Former British F3 champion Jack Harvey will move to race in the United States next year after signing a deal to compete in Indy Lights.
The Englishman, who finished fifth in GP3 this year, will drive for the Schmidt Peterson Motorsports team in the IndyCar feeder series, with continued backing from the Racing Steps Foundation.
RSF co-ordinator Derek Walters explained the decision for Harvey to switch to US racing.
“The current prospects for talented young drivers to make their way out of the recognised Formula 1 feeder series into F1 itself are just too limited,” said Walters.
“Obviously we could have kept Jack in GP3 for a second year or even moved him up into GP2. But where would he go after that? The seats are just not there for up and coming drivers at present. The RSF’s aim is try to steer our drivers in the direction of drives from which they can progress to become professionals. So, from that point of view, the States is by far the better place to be.
“We’ve placed Jack with a top team. They’ve won the title for a fourth successive season this year with Sage Karam so this is the right place for Jack to make his mark.”
Harvey finished second to Robin Frijns in Formula BMW Europe in 2010 before two years in British F3, which culminated with the title in 2012.
“Everything was looking good for me in Europe and I could certainly have continued to race there but the RSF and I thought there were better opportunities to pursue here in the States,” said Harvey.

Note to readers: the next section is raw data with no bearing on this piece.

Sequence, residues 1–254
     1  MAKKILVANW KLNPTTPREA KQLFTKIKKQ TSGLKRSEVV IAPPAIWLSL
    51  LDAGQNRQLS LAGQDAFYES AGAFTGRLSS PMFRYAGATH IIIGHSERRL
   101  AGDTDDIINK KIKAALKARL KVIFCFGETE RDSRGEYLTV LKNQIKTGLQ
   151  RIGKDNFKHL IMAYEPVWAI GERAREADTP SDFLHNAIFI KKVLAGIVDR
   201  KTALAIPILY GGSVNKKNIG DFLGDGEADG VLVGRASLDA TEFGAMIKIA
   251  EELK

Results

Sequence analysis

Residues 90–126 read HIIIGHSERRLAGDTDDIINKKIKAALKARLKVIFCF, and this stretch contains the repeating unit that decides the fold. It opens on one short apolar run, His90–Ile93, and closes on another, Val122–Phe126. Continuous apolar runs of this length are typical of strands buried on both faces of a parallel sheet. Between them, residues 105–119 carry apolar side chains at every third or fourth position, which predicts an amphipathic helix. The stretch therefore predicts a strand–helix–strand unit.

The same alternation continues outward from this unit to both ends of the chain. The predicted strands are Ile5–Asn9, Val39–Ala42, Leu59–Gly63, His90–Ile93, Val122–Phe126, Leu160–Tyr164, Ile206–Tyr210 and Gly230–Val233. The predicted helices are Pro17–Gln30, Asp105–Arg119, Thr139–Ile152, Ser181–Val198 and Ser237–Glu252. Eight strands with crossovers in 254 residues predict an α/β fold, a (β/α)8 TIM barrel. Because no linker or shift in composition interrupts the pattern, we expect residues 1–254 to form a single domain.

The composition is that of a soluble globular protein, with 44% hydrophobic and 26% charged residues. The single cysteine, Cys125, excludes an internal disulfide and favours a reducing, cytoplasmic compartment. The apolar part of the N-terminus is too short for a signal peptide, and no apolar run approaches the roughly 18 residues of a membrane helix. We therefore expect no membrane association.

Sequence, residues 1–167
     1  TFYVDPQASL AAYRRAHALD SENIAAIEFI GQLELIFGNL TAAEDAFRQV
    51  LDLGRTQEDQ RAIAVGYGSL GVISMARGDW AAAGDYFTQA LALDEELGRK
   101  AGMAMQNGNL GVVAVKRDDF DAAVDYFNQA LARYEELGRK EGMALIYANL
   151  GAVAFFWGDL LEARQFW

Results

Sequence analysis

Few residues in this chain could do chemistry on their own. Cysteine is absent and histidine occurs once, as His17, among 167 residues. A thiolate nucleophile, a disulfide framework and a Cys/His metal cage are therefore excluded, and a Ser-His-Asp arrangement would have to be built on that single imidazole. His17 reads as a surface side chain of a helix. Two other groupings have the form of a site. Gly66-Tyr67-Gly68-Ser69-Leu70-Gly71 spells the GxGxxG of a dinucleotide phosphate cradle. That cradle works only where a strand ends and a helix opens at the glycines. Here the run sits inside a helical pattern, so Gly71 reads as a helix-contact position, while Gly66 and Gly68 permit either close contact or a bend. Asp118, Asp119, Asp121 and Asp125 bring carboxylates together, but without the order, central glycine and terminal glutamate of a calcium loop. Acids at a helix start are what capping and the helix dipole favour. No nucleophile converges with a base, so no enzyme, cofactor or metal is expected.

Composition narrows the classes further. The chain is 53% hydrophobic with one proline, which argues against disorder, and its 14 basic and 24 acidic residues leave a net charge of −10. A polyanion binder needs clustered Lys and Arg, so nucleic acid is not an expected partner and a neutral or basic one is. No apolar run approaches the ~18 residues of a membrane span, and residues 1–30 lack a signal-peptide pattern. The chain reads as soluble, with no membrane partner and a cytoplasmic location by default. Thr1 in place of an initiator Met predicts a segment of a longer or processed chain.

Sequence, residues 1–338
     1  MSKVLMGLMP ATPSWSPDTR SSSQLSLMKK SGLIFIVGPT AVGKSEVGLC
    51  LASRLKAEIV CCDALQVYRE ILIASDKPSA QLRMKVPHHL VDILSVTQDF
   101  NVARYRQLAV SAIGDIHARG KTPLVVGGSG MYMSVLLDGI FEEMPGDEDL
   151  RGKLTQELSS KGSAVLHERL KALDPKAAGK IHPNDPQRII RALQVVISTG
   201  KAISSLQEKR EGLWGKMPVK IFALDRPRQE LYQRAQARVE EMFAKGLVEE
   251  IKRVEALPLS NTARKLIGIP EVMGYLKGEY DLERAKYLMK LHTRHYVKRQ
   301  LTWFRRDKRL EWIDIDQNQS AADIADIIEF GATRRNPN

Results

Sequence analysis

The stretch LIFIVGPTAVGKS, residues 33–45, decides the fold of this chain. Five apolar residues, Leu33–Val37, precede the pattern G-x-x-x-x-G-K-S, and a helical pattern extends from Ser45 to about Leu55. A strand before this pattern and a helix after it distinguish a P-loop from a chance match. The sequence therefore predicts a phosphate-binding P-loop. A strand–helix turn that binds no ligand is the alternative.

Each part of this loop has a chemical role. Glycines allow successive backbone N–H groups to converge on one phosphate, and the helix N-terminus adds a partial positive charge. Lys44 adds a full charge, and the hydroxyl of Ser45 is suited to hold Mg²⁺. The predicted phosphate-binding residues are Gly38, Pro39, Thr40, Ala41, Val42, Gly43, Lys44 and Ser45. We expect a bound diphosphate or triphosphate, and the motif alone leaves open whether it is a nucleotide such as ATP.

“They’ve placed me with a team with a sensational track record of 60 wins and seven titles in total so I couldn’t be more thrilled. I’ve always entertained hopes that one day I’d race in the States and now that dream has come true. The last few weeks have been amazing. The team has made me so welcome. So, right now, I couldn’t be happier. Roll on the start of the season.”
Team owner Sam Schmidt added: “We look for raw talent, wins and championships in a competitive series [like Indy Lights as well as] commitment and maturity. Jack not only checks one of those boxes, he has checked them all.”
It’s a shame that this is what looks like the end of the road for Harvey’s Formula 1 ambitions, but it’s an understandable move from him and the Racing Steps Foundation.
The programme has already funded five seasons of racing for Harvey, and whether he stayed in GP3 for another season or moved up to GP2, it would have taken another two or three years of backing before he could be in a position to move onto F1 – a scenario which would probably not be possible without extra some financial help too.
Despite quick progress through F3 and GP3 and immediately doing well in GP2, it has taken the involvement of Nicolas Todt to get James Calado a foot in the door at an F1 team.
While Harvey is certainly a promising talent, his progress up the ladder has not really been fast enough to warrant more attention than Calado has had, and so breaking into F1 was likely to be hard work. It’s more sensible to switch focus to something else now rather than after spending another few million on the European ladder.
Currently relying on the same faces at the front, IndyCar needs some fresh stars and Harvey’s got the ability to follow Dario Franchitti and go from European hotshot to US champion.